> trunking/migration, specifically the extent to which we do not discuss
> port numbers.  The relevant XDR types do allow for optional port numbers
> to be included, with a default to be used when not specified, but in
> this document we do have a new note that different ports may be used for
> different connection types to the same logical server, and also that
> different ports "is not the essence of the distinction between the two
> endpoints".  I think there might be cases where the port is relevant for
> a distinction, but the main ones I can think of are of questionable
> relevance (essentially, roughly equivalent to multiple userspace NFS
> servers on a single host but in different trust/privilege domains) --
> I'd like another opinion or several.
>
> In a similar "discuss discuss" vein, Section 11.10.8 describes a
> scenario that does not give much clarity, at a protocol level, into what
> degree of replication synchronization a client can expect from a given
> file system that advertises multiple replicas.  I recognize that this is
> de facto just stating the deployed reality, but it's also hard to feel
> good about having this level of ambiguity in a propsed standard, and the
> (unchanged) text in Section 11.5.5 seems to impose a stricter
> consistency requirement, at least on potential migration targets.  (A
> bit more detail in the COMMENT section.)
>
> Section 11.13.2 mentions that "[i]ssues connected with a client
> impersonating another by presenting another client's id string are
> discussed in Section 21", but I failed to find this discussion in
> Section 21.  (The discuss-level issue is just the internal
> inconsistency; there's a decent argument that this is covered by
> Appendix C's "not written in accord with RFC3552".  Though if the text
> was already written for draft-ietf-nfsv4-mv1-msns-update, not including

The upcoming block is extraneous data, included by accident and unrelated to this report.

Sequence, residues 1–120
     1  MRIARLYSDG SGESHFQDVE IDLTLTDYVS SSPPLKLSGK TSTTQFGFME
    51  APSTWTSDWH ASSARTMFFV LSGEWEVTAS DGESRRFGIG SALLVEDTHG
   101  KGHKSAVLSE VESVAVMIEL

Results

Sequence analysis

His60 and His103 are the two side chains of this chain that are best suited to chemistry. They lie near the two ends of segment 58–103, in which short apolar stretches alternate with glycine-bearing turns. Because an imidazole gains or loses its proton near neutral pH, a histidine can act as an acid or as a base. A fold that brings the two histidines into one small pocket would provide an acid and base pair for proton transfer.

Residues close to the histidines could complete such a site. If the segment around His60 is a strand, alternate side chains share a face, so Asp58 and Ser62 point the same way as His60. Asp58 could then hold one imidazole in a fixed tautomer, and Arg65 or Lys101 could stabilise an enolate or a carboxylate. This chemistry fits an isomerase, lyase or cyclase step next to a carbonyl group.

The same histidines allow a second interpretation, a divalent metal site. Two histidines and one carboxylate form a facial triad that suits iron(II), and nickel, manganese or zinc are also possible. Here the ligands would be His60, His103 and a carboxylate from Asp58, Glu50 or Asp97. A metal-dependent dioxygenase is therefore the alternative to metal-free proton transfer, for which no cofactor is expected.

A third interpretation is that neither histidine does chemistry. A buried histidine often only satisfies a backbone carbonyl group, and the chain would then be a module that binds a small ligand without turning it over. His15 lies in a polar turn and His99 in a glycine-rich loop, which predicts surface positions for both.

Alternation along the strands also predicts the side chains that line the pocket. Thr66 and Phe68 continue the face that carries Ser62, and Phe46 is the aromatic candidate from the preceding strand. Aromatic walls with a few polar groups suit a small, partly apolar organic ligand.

> it here seems a little silly.)
>
>
> ----------------------------------------------------------------------
> COMMENT:
> ----------------------------------------------------------------------
>
> I think I may have mistakenly commented on some sections that are
> actually just moved text, since my lookahead window in the diff was too
> small.  I expect it's most appropriate to defer those to for the full
> -bis, so sorry to have them lumped in here.
>
> Thank you for all the effort put in to get the diff against RFC 5661 to
> be minimal!  I know that the current default output formatting is rather
> different than what is done in RFC 5661, but this diff is pretty easy to
> read.
>
> Thank you also for the detailed discussion in Appendix C; I do not think
> I could add anything more!  While the security posture of the current
> deployed state of NFSv4 is not great (though, arguably, somewhat
> understandable given the path we took to get there), this is the right
> start to making any sort of improvement.
>
> Since the "Updates:" header is part of the immutable RFC text (though
> "Updated by:" is mutable), we should probably explicitly state that "the
> updates that RFCs 8178 and 8434 made to RFC 5661 apply equally to this
> document".
>
> I note inline (in what is probably too many places; please don't reply
> at all of them!) some question about how clear the text is that a file
> system migration is something done at a per-file-system granularity, and
> that migrating a client at a time is not possible.  As was the case for
> my Discuss point about addresses/port-numbers, I'm missing the context
> of the rest of the document, so perhaps this is a non-issue, but the
> consequences of getting it wrong seem severe enough that I wanted to
> check.
>
> Does a client have any way to know in advance that two addresses will be
> session-trunkable other than the one listed in Section 11.1.1 that "when
> two connections of different connection types are made to the same
> network address and are based on a single file system location entry
> they are always session-trunkable"?  It seems like mostly we're defining
> the property by saying that the client has to try it and see if it
> works; I'd love to be wrong about that.
>
> Section 1.1
>
>    The revised description of the NFS version 4 minor version 1
>    (NFSv4.1) protocol presented in this update is necessary to enable
>    full use of trunking in connection with multi-server namespace
>    features and to enable the use of transparent state migration in
>    connection with NFSv4.1.  [...]
>
> nit: do we expect all readers to know what is meant by "trunking" with
> no other lead-in?
>
>    This limited scope update is applied to the main NFSv4.1 RFC with the
>
> nit: hyphenate "limited-scope"
>
>    scope as could expected by a full update of the protocol.  Below are
>    some areas which are known to need addressing in a future update of
>    the protocol.
>    [...]
>
> side note: I'd be interested in better understanding the preference for
> the subjunctive verb tense for most of these points ("work would have to